Tag: Media Release

Sharing of knowledge leads to ‘rediscovery’ of mission building (HNZ Media Release 18.03.2019)

Skinner descendants at Waima (HNZPT Media Release)

March 18

MEDIA RELEASE

Sharing of knowledge leads to ‘rediscovery’ of mission building

An important early building associated with the Wesleyan Mission in Waima has been ‘rediscovered’.

Waikaramihi, the historic church originally associated with the Hokianga mission, has been noted at its ‘new’ home – Tuhirangi Marae – over 30 years after it was relocated.

“Built in 1853, the church has been shifted twice in its history,” says Heritage New Zealand Pouhere Taonga Northland Manager, Bill Edwards.

“The church originally served the community at the Waima mission located up the Taheke River. The church was then moved closer to the Waima settlement in 1893, before its second relocation to the marae in 1988. We now know that the mission included the church building and school building, making the site more complex than what was depicted in early paintings.”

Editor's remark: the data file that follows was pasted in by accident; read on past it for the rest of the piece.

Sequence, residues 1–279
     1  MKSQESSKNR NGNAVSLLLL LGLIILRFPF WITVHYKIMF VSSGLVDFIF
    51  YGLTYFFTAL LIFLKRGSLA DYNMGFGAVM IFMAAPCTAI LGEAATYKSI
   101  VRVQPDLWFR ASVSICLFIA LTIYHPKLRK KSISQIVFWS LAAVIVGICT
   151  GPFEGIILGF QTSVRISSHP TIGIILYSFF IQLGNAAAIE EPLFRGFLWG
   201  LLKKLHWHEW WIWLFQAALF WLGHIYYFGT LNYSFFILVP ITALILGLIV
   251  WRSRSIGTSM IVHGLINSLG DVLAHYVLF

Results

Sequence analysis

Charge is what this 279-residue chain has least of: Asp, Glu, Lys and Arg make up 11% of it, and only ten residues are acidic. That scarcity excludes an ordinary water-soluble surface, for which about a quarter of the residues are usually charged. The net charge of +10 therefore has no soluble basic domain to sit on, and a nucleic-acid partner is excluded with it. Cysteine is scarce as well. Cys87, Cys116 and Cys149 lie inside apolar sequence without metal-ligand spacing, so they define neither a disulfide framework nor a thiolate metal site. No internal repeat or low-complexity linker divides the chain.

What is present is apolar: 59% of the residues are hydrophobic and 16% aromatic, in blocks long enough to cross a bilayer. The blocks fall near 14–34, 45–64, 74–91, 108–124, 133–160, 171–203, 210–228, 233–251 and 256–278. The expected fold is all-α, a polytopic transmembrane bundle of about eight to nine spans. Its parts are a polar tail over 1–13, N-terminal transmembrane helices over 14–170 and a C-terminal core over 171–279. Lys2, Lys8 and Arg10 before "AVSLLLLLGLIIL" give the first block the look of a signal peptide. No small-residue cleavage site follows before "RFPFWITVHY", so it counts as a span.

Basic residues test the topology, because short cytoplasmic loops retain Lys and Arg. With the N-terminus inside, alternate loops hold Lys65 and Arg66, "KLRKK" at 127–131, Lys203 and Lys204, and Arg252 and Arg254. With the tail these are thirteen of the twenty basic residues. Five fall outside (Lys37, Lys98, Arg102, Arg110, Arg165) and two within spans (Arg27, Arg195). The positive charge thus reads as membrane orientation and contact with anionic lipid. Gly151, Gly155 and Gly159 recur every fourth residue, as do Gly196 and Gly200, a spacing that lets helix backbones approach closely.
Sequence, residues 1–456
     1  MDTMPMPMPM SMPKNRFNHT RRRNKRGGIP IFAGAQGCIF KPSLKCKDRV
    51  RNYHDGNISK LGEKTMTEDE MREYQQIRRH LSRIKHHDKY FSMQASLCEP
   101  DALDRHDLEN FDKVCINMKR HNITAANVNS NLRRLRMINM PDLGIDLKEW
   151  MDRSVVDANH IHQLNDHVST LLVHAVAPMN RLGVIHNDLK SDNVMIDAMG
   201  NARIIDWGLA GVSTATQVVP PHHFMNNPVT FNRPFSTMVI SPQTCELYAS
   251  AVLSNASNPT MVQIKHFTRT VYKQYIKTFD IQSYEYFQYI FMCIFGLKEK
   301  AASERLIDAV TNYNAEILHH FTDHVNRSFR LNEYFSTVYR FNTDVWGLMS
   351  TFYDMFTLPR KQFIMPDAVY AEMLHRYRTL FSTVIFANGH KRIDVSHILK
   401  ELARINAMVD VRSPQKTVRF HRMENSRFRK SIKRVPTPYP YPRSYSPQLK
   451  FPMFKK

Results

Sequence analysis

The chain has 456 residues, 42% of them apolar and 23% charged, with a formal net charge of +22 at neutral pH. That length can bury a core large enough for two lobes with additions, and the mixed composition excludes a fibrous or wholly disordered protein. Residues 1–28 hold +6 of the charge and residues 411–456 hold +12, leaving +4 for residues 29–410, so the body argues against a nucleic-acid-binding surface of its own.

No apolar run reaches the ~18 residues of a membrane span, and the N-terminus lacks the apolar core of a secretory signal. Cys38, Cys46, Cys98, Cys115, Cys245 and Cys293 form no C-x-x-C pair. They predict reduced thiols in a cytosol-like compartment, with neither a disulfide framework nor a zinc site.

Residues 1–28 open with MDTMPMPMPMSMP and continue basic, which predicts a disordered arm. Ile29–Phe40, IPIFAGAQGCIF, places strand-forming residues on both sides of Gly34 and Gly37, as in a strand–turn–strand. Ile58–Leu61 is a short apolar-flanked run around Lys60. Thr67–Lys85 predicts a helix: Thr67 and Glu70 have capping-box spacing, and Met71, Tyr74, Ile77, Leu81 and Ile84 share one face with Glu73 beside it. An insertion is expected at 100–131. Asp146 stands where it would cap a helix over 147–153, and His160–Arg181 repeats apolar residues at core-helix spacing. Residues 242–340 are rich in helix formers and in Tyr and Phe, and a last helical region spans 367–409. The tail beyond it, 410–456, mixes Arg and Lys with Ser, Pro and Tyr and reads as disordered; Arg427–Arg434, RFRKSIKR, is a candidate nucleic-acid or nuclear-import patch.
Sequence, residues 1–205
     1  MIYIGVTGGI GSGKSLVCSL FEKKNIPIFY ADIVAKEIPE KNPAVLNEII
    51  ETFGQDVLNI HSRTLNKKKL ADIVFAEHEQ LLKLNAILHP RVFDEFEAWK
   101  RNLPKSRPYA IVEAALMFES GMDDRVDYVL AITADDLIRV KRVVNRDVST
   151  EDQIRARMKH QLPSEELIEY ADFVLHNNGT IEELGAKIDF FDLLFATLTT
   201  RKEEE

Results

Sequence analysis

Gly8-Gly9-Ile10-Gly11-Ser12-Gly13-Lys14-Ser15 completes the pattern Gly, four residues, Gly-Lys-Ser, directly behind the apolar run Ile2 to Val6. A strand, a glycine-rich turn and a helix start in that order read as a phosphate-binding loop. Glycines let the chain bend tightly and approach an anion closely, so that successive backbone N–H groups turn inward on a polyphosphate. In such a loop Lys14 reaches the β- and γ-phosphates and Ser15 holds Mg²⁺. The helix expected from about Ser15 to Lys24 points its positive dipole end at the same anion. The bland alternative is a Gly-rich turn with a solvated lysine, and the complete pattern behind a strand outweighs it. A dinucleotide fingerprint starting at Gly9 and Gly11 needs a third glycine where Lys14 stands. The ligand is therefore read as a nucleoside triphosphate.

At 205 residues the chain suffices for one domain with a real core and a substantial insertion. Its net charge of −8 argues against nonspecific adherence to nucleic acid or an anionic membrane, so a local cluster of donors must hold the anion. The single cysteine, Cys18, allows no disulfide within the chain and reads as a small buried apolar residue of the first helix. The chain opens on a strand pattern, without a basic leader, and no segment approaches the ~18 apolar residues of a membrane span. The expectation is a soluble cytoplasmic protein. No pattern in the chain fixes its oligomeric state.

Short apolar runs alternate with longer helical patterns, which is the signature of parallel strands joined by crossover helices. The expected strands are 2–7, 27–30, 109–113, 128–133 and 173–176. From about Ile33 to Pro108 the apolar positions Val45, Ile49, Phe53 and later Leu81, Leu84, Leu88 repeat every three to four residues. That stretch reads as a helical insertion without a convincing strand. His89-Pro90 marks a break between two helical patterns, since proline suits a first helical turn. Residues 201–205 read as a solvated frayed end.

Knowledge of the church’s background came to light at the recent Te Tiriti o Waitangi celebrations at Mangungu Mission, commemorating the 179thanniversary of the third and largest Treaty signings that took place at the other main Wesleyan mission in the Hokianga based at Horeke.

Descendants of missionary Thomas Skinner who was stationed at Waima – a settlement that would eventually grow into a thriving economy based on farming and forestry – shared information about the church building with Heritage New Zealand staff at the event. They also talked about their discovery of a memorial stone celebrating the old oak which missionary John Warren planted in 1839.